A personal project of George Lin in Taiwan, Republic of China, the camera was inspired by never having a camera as a child. It was designed by him as well. Papershoot started producing cameras with paper casings in 2013.
Lin’s vision was “to evoke a fun and novelty feeling in photography.”
This he accomplished brilliantly without the unpredictable and often just plain bad results from the “toy camera” arena. This was done using a decent lens, good electronics and carefully tested firmware.
On the outside, stiff cardboard cases come decorated to suit the tastes of many creative lifestyles. I was amused by the printed camera case, but I am consider getting a plain case for less obvious shooting!
It is a camera with virtually no controls, as close to the original Kodak box camera as possible, but much, much smaller and no film to buy!
Some will ask, “What kind of results can you get from a camera with a single shutter speed, no zoom, no autofocus, no screen, no flash and no way to see right away if the shot turned out?"
I answer this by listing the mental process that I go through when out with my “good” camera.
What zoom setting will work best?
Should I go full auto decision-free, or Program with overrides?
Will aperture priority or shutter priority work better?
Auto ISO or ISO 800? 400?
Flash on? Exposure compensation?
Big screen or little eyepiece viewfinder?
Oops, too late!
Now, it isn’t like I go through an obsessive checklist, but it is a mental process that sometimes causes hesitation and can even stop you from taking the picture, or simply missing a shot.
The Papershoot avoids all that. It is not much bigger than a flat-pack of gum and no thicker than a checkbook.
Papershooters press (and hold) a button to turn the camera on, press the same button to take the shot and press (and hold) the same button to turn the camera off.
The only other control (if you call it that) switches from full color to black and white or two other color effects.
That is it, that is all, there is no more. And it works!
Sight the shot through the cardboard cut out and press the button. The quality 5MP image is saved to a standard SD card. And instead of looking at your shots (there is no screen!), just keep shooting.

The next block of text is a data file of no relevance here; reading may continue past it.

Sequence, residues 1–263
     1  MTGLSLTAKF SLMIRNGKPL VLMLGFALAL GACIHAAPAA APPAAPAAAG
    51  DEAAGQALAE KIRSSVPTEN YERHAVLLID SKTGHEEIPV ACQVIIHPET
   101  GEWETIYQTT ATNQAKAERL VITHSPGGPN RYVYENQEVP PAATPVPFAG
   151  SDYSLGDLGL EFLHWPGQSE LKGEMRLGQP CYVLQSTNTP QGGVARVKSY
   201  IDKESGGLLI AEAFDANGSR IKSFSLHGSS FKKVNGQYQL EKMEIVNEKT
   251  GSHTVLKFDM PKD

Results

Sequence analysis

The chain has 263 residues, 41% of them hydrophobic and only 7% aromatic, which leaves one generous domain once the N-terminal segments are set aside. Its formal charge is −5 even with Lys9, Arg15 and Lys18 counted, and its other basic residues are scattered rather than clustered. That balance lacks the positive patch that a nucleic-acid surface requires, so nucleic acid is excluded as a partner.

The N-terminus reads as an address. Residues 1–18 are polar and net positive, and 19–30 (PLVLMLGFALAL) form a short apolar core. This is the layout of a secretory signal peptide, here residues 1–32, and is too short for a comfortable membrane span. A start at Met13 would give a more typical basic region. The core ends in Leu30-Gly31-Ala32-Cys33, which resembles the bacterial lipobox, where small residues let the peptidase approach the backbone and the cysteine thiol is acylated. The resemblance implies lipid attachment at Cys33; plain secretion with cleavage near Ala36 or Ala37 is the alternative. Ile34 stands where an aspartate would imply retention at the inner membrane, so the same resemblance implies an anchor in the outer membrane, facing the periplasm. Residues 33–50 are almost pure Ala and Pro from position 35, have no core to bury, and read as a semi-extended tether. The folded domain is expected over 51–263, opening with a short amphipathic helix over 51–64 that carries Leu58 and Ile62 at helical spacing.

Some will think this is just hipster nonsense.
Wrong! This camera should NOT be grouped in the highly unpredictable “Lomography” or “Toy camera” category.
Those cameras tend to require a hearty measure of tolerance for faults or outright fails...it’s part of their “charm.”
And while I am a fan of doing more with less, I find toy digital cameras shaped like USB sticks, "world's smallest'" etc., to be largely garbage.
The few that do show some promise (Superheadz Harinezumi, etc.) are hundreds of dollars, where a Papershoot base model is around $70.
For those preferring a bit more upscale offering, the same camera body is offered in some beautiful (and sustainable) wood cases and even clear acrylic, leather and wood with brass accents. Again, the camera tends to be an accessory that you keep with you and, like me, become fond of using. Some people would like it to wear a nice fancy coat!
In short, there is something about the Papershoot that may give your creative side a push. I’ve never been happier with my “artistic” shots taken casually in my area. And I was very pleased to see that a number of them were included in a Papershoot gallery display in Taipai!
It is my sincere hope that, like the “Diana” and “Woca” film cameras of bygone years, the Papershoot become the standard for beginner photography classes.
The Papershoot can be used to show that “it’s not the camera, it’s the person behind the camera” that is important. The difference now is that the PaperShoot will deliver far more reliable shots and cost less than a half dozen rolls of film and processing. Order with confidence via Taiwan or wait a big for it to hit the USA...no...don't wait, get one now!